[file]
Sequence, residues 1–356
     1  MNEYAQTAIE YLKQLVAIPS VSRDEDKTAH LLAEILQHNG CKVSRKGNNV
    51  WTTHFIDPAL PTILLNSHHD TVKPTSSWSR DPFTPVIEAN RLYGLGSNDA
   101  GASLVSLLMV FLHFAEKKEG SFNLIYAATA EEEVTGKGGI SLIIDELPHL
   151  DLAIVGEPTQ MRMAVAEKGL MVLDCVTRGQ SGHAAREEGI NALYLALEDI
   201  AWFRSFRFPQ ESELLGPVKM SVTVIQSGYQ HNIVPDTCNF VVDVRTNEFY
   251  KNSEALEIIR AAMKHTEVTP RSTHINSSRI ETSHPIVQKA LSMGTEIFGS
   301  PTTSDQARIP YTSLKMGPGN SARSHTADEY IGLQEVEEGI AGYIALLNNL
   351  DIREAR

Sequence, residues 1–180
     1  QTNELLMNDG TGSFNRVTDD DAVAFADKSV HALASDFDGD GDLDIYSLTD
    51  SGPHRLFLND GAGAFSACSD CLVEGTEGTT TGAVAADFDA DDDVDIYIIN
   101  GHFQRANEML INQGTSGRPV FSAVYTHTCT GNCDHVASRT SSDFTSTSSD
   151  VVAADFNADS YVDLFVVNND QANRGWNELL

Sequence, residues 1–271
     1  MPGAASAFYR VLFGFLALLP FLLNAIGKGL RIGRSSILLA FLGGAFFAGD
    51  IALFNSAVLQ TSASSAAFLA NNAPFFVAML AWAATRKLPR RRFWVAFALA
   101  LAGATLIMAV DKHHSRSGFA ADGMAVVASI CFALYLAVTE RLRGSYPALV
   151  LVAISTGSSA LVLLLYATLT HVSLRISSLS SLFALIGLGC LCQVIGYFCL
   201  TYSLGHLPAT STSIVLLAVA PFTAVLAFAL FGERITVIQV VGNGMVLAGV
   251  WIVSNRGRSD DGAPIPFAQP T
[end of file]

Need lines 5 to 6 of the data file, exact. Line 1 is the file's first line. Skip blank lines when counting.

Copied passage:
   151  DLAIVGEPTQ MRMAVAEKGL MVLDCVTRGQ SGHAAREEGI NALYLALEDI
   201  AWFRSFRFPQ ESELLGPVKM SVTVIQSGYQ HNIVPDTCNF VVDVRTNEFY